One of the smart tactics many brands are leveraging is incorporating user-generated content into its social content streams. The idea is that you take content that your customers or fans are creating, and highlight it alongside your own. It gives the content creators a platform to get more exposure for their work, plus it helps the brand in getting more content. For example, Visit North Alabama is one of my favorite accounts to follow on Instagram. They often use pictures submitted by followers in their Instagram feed, such as this beauty:
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Each month we choose someone who uses our #visitnorthal hashtag on his or her pics. This month’s winner is @lane_leopard_photography! Lane, send us a dm with your address, t-shirt size, and color preference (gray or blue). Use #visitnorthal on your north Alabama pics and you could be next month’s winner. ?#️⃣?
National Geographic has taken this idea a step further with its Your Shot community. Your Shot invites photographers to submit their photos to ‘assignments’ that are posted on the site. The assignments revolve around a particular theme, such as ‘Close Encounters’ or ‘Adventures in the City’. The submissions are reviewed by editors at National Geographic as well as the larger community on the site, and the best ones are selected to appear on the site.
When asking for customers/users/community members to submit content that you will use, there must be a clear benefit to the content creator in doing so. In this case, the benefit to National Geographic is obvious; They get a ton of gorgeous pictures submitted from talented photographers.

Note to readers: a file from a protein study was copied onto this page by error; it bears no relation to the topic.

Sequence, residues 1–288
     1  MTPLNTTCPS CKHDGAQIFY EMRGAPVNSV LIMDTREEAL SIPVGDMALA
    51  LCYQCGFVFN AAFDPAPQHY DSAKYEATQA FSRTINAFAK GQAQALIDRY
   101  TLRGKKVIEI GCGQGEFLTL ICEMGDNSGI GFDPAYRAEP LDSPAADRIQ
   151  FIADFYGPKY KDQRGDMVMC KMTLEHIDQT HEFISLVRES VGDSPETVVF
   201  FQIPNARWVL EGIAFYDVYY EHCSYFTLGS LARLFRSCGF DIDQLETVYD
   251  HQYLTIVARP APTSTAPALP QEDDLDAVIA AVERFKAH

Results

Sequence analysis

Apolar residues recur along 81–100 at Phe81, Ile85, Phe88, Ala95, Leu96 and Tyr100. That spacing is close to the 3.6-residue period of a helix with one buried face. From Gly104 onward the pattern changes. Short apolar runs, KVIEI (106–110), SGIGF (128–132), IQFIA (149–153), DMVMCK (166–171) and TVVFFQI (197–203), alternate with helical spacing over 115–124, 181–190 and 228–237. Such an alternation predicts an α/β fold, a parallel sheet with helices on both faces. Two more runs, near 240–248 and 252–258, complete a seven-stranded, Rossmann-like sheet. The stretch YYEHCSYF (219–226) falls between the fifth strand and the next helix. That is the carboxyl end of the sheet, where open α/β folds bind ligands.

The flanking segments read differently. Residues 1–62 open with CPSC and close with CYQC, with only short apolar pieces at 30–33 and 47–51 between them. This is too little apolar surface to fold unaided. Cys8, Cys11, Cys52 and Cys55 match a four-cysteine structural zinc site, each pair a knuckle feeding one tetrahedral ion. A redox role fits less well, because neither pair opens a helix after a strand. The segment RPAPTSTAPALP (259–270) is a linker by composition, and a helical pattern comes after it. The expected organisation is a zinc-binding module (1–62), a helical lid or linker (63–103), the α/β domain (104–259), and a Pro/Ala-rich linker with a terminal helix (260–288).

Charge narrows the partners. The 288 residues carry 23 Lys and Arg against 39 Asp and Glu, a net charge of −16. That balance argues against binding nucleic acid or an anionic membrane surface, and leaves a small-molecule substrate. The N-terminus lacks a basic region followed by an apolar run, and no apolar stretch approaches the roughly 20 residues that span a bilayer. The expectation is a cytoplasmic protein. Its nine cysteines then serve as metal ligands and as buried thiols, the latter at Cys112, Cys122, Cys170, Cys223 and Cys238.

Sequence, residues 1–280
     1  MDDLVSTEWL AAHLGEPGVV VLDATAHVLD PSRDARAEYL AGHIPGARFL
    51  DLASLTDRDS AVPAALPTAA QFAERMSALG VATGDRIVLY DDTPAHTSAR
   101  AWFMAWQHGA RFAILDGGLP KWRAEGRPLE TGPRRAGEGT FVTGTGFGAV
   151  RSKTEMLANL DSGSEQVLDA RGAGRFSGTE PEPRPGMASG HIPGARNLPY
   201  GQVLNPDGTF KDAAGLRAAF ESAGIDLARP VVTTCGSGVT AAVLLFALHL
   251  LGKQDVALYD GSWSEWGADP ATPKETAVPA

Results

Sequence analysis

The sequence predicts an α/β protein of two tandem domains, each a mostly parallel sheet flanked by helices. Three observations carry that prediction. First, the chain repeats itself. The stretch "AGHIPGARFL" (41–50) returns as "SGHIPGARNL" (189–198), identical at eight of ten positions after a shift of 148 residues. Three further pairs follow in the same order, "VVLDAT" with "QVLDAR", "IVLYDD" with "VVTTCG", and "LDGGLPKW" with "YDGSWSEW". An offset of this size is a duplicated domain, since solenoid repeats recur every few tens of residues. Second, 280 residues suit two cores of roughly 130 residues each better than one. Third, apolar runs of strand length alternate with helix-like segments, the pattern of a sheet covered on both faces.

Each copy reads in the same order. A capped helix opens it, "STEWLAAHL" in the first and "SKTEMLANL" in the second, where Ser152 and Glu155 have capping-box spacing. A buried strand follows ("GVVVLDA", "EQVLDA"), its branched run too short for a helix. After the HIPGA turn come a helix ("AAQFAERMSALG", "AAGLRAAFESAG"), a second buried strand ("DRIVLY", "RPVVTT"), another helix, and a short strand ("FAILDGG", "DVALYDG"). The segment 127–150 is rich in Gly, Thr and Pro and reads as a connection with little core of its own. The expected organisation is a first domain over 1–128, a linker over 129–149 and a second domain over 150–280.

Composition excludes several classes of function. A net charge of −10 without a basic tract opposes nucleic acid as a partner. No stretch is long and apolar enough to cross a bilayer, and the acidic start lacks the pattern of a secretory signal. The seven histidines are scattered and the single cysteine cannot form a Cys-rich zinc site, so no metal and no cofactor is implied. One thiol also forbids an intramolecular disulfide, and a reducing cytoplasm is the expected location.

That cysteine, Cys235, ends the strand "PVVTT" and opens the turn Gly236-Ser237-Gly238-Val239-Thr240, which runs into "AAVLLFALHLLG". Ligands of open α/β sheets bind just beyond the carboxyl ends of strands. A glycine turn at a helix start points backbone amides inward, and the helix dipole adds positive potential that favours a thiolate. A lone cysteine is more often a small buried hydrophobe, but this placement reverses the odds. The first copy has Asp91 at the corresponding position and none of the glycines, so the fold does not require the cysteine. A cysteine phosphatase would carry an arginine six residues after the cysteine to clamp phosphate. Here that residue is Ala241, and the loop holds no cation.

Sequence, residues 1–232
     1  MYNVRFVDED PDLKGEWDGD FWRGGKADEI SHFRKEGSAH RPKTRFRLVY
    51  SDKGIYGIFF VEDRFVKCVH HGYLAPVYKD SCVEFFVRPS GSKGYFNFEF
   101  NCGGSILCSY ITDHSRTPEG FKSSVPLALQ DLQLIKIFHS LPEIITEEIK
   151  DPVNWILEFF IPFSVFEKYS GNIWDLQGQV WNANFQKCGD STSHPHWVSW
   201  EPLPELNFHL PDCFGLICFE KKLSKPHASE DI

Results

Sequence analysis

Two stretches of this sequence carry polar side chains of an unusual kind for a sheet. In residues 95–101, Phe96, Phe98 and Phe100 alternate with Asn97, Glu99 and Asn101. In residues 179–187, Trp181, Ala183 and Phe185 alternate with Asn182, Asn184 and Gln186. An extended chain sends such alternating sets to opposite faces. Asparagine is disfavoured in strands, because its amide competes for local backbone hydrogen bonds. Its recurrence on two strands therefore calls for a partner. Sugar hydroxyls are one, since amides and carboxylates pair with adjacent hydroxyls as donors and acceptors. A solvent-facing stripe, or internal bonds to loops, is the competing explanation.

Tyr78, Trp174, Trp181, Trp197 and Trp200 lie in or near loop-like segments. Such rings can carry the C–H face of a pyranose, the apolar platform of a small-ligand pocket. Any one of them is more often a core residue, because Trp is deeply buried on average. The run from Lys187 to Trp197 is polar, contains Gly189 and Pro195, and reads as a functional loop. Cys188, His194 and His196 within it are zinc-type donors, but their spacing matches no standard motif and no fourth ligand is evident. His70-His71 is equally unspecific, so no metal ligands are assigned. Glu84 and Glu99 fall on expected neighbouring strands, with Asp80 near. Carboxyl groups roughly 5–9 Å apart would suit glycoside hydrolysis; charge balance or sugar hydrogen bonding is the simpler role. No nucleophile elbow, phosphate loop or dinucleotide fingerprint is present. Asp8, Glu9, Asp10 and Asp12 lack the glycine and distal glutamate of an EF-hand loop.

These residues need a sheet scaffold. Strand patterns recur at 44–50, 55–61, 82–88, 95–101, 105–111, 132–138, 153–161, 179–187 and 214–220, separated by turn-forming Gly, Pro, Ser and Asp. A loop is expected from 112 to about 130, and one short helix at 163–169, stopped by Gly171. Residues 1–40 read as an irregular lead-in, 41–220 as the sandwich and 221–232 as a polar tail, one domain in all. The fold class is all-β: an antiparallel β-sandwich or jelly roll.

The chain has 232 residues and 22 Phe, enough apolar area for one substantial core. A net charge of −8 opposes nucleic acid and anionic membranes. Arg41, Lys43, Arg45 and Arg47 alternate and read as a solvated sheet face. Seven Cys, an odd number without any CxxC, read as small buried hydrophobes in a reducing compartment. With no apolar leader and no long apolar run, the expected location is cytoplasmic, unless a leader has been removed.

But what is the benefit to the photographers? Besides additional exposure for their work, these photographers also have a chance to have their work critiqued by National Geographic’s editors, as well as by the community at large:
This is invaluable advice from both the editors and the community at large. The community can comment on the work as well as select the elements of each shot that they appreciated. It can give the photographer detailed guidance on where his or her work is excelling as well as what they can improve on.
If you are going to test the user-generated content waters, make sure that the users you are appealing to have a clear incentive to share their content with you, and that there is a clear benefit to them from doing so. By agreeing to share their photos with National Geographic, the benefit these photographers get is clear, and who knows, a few spectacular shots might even land an aspiring photographer on National Geographic’s short list the next time they are hiring.
Remember, if you give your customers/users a clear benefit to share their content with you, they will be more likely to share content with you, and the content they do share will be of higher quality. The goal is to have a clear win-win for both you and your customers/users.